Differently-abled women are a doubly discriminated category in India: for being women and having a physical or mental impairment.
Maternity care and mental health care are both lacking in our otherwise incredibly developed nation. Combine these two and you have the perfect storm...
Edna Adan Ismail has literally committed everything she has to achieve one purpose: decreasing the newborn and maternal mortality rate in Somaliland and the Horn of Africa.
Mother's Day is a celebration of life and reflects the importance of women to their families, communities and countries. However, worldwide HIV/AIDS robs women and girls of their potential and health.
Since our inception, Mother's Day has been our biggest attention-grabbing, awareness-building opportunity to rally the troops and engage new audiences to join our efforts to make pregnancy and childbirth safe for all moms.
On Mother's Day -- and every day -- I am reminded of how important it is to listen to mothers in the developing world, share their stories and be a partner in their struggle for human rights
Today, thanks to the combined efforts of governments, companies, NGOs, health professionals, researchers and everyday volunteers, more children are born free of HIV than ever before. But we have not yet hit "zero."
Upon seeing Taslima Akhter's devastating photograph, however, I learned more about the people behind that label; that 'someone' who might have spent a passing moment caressing the cloth that caressed my son's back.
To say that I am thrilled about the Mother's Day release of Birth Story: Ina May Gaskin and the Farm Midwives would be the Understatement of the Year.
Life can be terribly unfair. But there are so many people out there, dozens of whom I heard from today, who are doing something to make the world a better place -- for children, for mothers, and by extension, for all of us.
Sadly, humanity is taking advantage of our planet like an ungrateful teenager. Let's clean up our room and show our Mother Earth some respect.
The Mother's Day celebration takes place in May every year. This special day we reflect and show our gratitude to our mothers by acknowledging their unconditional love, their sacrifices and their contribution to our success.
This month, as many of my colleagues around the world celebrate motherhood, I work towards a future where all the mothers in my community have access to safe and healthy pregnancies -- a future free of the cries that once filled the homes of my neighbors.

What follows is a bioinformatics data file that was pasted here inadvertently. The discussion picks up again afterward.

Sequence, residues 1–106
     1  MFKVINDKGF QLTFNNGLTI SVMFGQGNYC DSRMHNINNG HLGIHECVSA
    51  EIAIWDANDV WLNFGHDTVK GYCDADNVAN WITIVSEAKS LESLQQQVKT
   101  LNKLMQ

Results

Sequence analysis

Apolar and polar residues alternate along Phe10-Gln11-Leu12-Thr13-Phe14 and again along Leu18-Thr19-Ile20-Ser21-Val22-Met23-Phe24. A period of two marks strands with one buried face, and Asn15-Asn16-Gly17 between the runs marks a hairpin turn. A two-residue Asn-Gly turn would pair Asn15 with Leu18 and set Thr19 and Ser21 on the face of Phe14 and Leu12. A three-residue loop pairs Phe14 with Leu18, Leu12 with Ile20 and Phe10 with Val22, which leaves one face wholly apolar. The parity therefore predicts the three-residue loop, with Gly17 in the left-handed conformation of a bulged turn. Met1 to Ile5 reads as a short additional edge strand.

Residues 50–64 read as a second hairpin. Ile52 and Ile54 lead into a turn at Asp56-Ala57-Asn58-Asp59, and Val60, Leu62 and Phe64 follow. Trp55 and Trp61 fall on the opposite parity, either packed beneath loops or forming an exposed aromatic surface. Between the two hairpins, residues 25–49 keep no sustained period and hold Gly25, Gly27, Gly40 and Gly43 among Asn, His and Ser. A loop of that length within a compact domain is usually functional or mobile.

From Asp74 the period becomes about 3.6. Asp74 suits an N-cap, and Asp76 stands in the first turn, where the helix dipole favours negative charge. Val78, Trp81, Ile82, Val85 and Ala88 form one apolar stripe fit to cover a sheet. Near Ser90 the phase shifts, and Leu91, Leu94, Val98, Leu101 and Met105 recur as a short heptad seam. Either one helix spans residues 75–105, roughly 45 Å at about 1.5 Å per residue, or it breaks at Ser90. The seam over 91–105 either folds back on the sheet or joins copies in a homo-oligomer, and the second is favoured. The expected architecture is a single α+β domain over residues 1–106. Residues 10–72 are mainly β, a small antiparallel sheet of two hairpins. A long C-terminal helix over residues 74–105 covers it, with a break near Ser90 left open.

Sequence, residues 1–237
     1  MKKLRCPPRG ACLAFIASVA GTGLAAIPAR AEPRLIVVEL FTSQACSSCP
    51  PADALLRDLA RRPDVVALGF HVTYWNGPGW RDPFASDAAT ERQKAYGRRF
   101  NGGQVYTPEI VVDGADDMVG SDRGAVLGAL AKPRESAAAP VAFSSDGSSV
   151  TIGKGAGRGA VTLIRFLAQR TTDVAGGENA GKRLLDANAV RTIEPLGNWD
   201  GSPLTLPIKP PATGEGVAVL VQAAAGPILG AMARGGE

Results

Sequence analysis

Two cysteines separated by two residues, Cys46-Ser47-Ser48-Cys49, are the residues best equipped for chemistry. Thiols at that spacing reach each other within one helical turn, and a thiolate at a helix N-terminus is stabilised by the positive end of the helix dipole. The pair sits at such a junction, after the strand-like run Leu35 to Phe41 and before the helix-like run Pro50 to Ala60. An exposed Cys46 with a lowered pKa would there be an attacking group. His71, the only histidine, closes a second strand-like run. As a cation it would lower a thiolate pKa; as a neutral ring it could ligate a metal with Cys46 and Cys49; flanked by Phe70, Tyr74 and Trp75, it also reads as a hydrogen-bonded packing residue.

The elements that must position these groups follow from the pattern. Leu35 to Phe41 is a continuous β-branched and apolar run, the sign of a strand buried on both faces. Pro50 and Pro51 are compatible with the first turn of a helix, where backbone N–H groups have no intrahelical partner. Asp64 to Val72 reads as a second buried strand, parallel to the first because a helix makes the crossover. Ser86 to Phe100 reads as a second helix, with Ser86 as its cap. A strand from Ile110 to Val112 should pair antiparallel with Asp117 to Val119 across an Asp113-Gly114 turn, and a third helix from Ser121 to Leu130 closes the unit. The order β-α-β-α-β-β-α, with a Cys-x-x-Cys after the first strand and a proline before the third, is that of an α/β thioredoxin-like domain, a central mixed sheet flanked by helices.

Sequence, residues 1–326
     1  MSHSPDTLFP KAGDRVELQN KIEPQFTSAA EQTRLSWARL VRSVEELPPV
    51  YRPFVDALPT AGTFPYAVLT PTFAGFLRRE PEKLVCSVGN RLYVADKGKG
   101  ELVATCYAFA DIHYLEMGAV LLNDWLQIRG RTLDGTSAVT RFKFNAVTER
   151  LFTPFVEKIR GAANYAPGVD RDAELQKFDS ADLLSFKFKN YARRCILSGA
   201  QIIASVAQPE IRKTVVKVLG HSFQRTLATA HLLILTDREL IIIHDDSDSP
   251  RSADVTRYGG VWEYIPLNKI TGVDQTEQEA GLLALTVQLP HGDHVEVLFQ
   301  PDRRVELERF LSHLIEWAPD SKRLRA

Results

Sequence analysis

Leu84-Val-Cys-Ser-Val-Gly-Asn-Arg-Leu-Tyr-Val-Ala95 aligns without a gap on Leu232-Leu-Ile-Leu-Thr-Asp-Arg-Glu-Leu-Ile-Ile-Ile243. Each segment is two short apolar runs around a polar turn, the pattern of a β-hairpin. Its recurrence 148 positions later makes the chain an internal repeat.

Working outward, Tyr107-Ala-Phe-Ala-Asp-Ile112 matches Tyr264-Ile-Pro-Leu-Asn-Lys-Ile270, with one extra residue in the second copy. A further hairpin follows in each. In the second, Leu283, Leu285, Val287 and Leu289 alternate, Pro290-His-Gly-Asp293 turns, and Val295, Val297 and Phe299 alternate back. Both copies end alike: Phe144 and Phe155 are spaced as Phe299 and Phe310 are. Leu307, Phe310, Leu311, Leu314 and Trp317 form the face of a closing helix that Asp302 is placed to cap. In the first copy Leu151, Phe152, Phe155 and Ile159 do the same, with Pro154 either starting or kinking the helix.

When mothers die, girls are often pulled out of school to keep the home going. They lose their childhood and may become mothers while they are still children themselves; those who give birth before their 15th birthday are five times more likely to die in childbirth.
There are currently over 600,000 refugees in Kenya's refugee camps, many of whom are unaccompanied, orphaned and separated refugee girls and single young women without family members.
Vaccines have saved the lives of over 20 million children globally, but continued support from the U.S. and other global players is critical to sustaining this progress.
Sunday is Mother's Day, one of the year's high points of gratitude. So as we honor the mothers among us (and those no longer among us), there's no better time to tap into that gratitude and draw on the qualities that make mothers such a force for good -- their generosity, their nurturing, their unconditional love. We're doing that with two initiatives, the Global Mom Relay and Mom+Social, both harnessing the power of motherhood and social media to improve the lives of mothers and children around the world. In the course of the Relay, we've heard a range of voices, and each time you share a post, a $5 donation is made by Johnson & Johnson and the Bill & Melinda Gates Foundation. And there's still time to join.
As a journalist, I've had the opportunity to meet with mothers around the world who are facing tough challenges in war zones and remote areas without access to medical care for themselves and their children. This is unacceptable.
Some of you might think it's annoying to classify mothers as Turkish and American. We can also describe them as Eastern and Western mothers and yes, I am talking about stereotypes and there are always some exceptions on both sides.
A woman has nine months to prepare for the day that her baby will arrive -- healthy and full of promise, imagining the love she and her child will have for each other. Sadly, every year, more than one million babies die on the first day of life -- many from preventable causes.